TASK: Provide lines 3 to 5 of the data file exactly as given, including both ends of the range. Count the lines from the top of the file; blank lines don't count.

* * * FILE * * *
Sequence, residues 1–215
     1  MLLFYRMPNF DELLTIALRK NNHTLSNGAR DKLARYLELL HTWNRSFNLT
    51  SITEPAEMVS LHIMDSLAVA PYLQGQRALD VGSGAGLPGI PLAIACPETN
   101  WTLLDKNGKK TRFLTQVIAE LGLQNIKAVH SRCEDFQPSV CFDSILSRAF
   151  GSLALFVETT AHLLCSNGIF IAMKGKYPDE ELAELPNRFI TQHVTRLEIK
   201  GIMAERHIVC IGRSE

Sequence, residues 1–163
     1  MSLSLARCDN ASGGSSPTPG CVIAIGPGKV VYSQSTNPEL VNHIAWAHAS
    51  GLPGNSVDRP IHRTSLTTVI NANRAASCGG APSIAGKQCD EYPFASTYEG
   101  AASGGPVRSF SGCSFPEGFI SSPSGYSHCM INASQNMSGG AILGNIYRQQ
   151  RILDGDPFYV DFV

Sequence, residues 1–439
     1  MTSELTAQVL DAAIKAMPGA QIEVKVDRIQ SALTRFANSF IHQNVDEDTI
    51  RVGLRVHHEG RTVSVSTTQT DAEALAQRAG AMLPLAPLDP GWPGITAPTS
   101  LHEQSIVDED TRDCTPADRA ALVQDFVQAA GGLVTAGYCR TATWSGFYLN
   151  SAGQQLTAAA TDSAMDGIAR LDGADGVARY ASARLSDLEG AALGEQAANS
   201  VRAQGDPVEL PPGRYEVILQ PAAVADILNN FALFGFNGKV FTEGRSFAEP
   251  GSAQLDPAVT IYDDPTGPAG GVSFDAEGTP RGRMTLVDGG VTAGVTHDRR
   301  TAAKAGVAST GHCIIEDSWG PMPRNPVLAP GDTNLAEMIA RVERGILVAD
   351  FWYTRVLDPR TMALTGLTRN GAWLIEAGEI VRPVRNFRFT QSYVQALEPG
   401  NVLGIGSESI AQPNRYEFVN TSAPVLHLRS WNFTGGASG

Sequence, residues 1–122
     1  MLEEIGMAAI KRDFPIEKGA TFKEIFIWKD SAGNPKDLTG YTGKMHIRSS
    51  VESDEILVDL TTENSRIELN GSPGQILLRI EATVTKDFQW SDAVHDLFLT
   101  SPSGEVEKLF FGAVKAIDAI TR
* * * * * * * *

    51  SITEPAEMVS LHIMDSLAVA PYLQGQRALD VGSGAGLPGI PLAIACPETN
   101  WTLLDKNGKK TRFLTQVIAE LGLQNIKAVH SRCEDFQPSV CFDSILSRAF
   151  GSLALFVETT AHLLCSNGIF IAMKGKYPDE ELAELPNRFI TQHVTRLEIK